“This is my book,” I say to MadFather. Forty-seven index cards are laid out on the bed, each representing one scene. “But it lacks pacing here, and I think these four scenes need to go, and this reveal needs to be… more.”
MadFather puts his hand to his chin. “Talk me through it, then,” he says.
So I do. It takes thirty minutes, because I am boring and like to explain all the nuances and themes. He listens silently.
“I think you’ve started too early,” he says. he points to the fourth index card. “Start here.”
“And I think the two main plots need to interlink more…”
I look out of the window at the darkening Saturday afternoon. Why don’t you just write it how you want it the first time? is a think people say when you tell them you are on draft two of a novel. But it’s just… Writing a novel is REALLY HARD. There is so much to consider: pacing, plot, characterisation, development, whether there is enough action interpersed with character development, whether the main plot is the main plot or if a reader might be more interested in the subplot, whether the action moves quickly enough, or too quickly and doesn’t leave any room for incidental action, and not to mention whether the actual sentences are well-constructed. I could go on: writing a novel with an actual plot is somehow more difficult than writing one without one, in a funny way.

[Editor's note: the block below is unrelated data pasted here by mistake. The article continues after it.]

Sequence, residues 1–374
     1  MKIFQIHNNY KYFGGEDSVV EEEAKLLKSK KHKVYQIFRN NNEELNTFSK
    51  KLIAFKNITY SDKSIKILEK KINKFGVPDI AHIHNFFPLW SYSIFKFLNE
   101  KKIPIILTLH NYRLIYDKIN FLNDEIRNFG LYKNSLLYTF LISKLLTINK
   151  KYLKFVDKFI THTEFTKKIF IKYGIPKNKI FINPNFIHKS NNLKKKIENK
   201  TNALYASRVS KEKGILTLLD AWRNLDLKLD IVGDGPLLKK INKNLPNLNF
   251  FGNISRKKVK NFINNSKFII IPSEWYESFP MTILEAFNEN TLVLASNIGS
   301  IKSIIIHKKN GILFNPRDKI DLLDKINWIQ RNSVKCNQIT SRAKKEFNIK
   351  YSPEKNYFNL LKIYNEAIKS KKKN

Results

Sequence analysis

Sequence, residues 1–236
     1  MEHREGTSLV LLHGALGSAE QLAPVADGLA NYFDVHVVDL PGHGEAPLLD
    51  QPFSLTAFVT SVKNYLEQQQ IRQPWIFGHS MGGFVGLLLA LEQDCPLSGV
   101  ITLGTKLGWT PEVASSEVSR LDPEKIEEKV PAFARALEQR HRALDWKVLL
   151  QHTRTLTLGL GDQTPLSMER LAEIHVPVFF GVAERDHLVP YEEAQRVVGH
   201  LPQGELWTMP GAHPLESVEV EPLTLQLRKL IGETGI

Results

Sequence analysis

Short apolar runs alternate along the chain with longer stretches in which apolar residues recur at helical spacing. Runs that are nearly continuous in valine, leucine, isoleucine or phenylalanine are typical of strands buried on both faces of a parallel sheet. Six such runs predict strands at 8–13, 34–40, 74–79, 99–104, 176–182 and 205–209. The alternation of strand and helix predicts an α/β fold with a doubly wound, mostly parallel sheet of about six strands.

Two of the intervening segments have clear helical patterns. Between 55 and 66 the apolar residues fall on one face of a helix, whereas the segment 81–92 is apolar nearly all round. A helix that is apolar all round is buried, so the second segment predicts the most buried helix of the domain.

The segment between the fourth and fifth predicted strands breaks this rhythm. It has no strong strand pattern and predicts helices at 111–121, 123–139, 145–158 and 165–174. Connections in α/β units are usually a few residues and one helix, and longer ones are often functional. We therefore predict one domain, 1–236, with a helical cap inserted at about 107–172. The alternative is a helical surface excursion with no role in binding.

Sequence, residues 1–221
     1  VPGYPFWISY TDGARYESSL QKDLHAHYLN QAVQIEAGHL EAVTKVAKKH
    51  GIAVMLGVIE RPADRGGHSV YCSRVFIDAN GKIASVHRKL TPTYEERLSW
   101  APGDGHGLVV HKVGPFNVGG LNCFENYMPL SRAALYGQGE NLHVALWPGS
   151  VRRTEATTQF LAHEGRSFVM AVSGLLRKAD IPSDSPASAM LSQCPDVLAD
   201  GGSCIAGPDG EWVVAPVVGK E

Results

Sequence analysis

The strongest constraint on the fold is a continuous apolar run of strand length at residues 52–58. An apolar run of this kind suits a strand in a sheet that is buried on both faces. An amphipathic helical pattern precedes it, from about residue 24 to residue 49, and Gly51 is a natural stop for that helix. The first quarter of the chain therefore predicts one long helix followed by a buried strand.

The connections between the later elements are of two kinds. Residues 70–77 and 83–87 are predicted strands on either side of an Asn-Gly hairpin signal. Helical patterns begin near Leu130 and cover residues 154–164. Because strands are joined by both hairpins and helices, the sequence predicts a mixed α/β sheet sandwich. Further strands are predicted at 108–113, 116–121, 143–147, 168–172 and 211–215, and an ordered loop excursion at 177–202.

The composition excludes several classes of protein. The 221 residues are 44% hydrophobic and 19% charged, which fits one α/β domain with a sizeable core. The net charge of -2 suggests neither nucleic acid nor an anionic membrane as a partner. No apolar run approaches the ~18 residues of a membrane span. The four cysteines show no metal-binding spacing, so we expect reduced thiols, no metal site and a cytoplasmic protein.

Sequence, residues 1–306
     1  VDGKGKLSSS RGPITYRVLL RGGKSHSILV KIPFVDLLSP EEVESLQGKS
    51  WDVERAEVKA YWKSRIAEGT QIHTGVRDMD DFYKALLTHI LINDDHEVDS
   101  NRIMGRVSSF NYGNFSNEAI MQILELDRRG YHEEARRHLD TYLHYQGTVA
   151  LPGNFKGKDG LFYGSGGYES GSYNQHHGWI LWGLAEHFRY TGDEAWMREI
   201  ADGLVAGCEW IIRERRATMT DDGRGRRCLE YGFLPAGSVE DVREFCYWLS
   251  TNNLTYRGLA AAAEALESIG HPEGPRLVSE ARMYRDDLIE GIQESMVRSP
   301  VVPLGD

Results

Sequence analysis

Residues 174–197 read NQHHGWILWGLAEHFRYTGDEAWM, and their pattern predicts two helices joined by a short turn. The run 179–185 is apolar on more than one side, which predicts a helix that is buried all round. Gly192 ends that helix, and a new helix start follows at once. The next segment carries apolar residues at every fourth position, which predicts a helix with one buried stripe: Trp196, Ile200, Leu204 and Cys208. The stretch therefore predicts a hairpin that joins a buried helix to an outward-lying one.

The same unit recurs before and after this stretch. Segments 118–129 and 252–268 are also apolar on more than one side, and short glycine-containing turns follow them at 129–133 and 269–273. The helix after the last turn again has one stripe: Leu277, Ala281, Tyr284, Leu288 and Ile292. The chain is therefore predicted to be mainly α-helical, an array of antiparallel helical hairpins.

“He sees this crime,” I say, “but he doesn’t know it. Why would that happen – how could that happen?”
“The crime needs to be different.”
MadFather picks up one of the cards and stares at it. “Hang on,” he says. “Just look.”
“It’s eighty thousand words?”
“Look,” he says. “He stands and gestures to the cards. “You wrote a book. Just look at it for a second. And let’s not think of the work that needs doing or the deadline or your worries. Let’s just look at this – you said you’d write a book in three months and you have.”